The crypto-derivative markets have gained significant traction over the past two years. The activities of traders in these markets are now studied in-depth by those who wish to predict future prices as well as make sense of past movements.

In this article, we focus on the phenomena of contango and backwardation and their implications on market structure.

Contango: a situation where the spot price of a commodity is lower than the futures price
Backwardation: a situation where the spot price of a commodity is higher than the futures price

The chart above shows that since April 2018, the market has fluctuated between the periods of contango and backwardation. The difference between spot and futures prices has been ranging from roughly -3% to +3%.

What causes these fluctuations, and what conclusions can be made about the market based on this?


The natural buyers of derivatives can be categorized into the following three categories:

  • Bullish investors

As the price of Bitcoin and other crypto assets, in general, has followed a parabolic pattern, many investors wish to increase their profits by buying them on leverage. They are effectively using derivatives to borrow USD to buy more BTC with — they swap liquidation risk for the potential upside of making more if markets go up.

  • BTC borrowers

With the development of the crypto loan market, (the ability to earn a yield on BTC deposited at retail platforms as well as institutional brokers), there is now a large pool of BTC being tapped based on market conditions.

The borrower profile is generally either proprietary trading firms doing futures arbitrage or credit-worthy crypto-native businesses with an ability to denominate revenue streams in BTC.

Referring to the former group, if the price is right, these participants can sell borrowed BTC for USD, and buy BTC/USD derivatives, thus locking in the BTC risk exposure, and then park the resultant USD. Indeed, it can be said that the rapid growth of the borrowing market emerged in tandem with the rapid growth of derivatives markets not as a coincidence but as a symbiosis.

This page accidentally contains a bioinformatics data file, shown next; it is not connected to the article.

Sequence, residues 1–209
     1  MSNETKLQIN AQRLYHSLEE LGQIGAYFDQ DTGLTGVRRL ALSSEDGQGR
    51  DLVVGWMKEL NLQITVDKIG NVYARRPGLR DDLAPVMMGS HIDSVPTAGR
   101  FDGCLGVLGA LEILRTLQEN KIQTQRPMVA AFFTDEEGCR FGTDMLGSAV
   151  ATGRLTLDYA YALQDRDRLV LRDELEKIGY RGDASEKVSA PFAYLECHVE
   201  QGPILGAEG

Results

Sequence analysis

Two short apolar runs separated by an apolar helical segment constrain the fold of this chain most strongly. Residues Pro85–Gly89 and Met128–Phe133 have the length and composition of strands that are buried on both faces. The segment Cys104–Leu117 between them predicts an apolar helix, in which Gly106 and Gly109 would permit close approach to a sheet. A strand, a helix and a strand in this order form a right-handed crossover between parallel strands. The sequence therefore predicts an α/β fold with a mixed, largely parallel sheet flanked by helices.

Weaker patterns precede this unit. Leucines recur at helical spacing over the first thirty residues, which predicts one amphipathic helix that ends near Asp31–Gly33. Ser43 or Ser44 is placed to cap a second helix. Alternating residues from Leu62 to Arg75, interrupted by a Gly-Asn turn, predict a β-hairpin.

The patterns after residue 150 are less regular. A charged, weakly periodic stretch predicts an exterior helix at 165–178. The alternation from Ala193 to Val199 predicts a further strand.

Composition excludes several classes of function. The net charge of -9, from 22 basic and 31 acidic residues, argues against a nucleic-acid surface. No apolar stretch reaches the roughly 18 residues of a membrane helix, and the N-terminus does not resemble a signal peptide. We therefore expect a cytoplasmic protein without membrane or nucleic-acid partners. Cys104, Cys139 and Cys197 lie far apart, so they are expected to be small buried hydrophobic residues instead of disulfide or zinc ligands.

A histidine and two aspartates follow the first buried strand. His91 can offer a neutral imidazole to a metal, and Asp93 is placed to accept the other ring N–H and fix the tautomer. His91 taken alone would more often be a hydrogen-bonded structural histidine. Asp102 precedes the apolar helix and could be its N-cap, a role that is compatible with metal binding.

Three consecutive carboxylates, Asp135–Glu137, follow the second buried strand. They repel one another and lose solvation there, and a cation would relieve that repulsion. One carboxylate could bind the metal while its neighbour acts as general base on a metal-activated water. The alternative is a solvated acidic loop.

Who are the natural sellers of derivatives?

  • Hedgers

An investor who holds BTC in cold storage may find it useful to be able to short BTC/USD via a derivative margined in BTC. This requires no interface with the traditional financial system and offers privacy benefits for existing BTC while allowing to manage the market risk.

  • Miners

A miner who has invested significant capital into ASIC (application-specific integrated circuit) mining must continuously hedge the downside risk of the BTC price collapsing below the break-even costs of mining. Selling derivatives looks attractive as a risk management tool to lock in a certain price of BTC for future expected mining emissions.

  • Arbitrage Traders

Trading firms require BTC collateral to market-make various Altcoin/BTC pairs as well as trade on BTC-margined derivatives exchanges. These firms are usually dollar-denominated and will short BTC/USD derivatives to lock in the dollar value of their overall trading portfolio at all times. Moreover, when the market enters contango, they may find it attractive to buy BTC for USD, and sell derivatives to lock in an attractive yield on USD.


The phenomenon of high contango occurs during parabolic moves partly because the increase in the value of BTC means that bullish investors now have more buying power to buy more BTC/USD derivatives. In other words, the value of capital for leveraged longs is growing linear to BTC/USD price, while the value of capital for arbitrageurs grows at a fixed rate over time linear to the level of contango itself. This can be seen in the graph above showing the December 2017 case study where the pool of arbitrage trader capital quickly proved insufficient to satisfy the demand from bullish investors.

Contango can also occur when bullish investors are increasing leverage, but spot markets are filled with sellers taking profit from lower price levels. This often leads observers to wonder if the leveraged traders will win or if the spot sellers will win.


For backwardation to occur, it generally involves bullish investors losing the value of their capital and losing interest in buying BTCUSD on leverage — usually through large and sudden market downturns that trigger liquidations. It also requires a certain level of fear from hedgers and miners to maintain their hedges even when the market is paying them to unwind their positions. Empirically, backwardation has signalled long-term buying opportunities.


Contrary to the idea that crypto-derivatives are purely speculative, they also serve important functions for long-term investors and businesses within the space. We can expect this trend to continue and the insights from the derivatives markets to become more meaningful.


Su Zhu Su Zhu

CEO/CIO at Three Arrows Capital | Investing in BTC, ETH, DOT, @DeribitExchange@DeFianceCapital, DeFi, prev EM FX | Uncommoncore | Views my own


Crypto researcher writing w/@zhusu for @DeribitInsights and, podcast:


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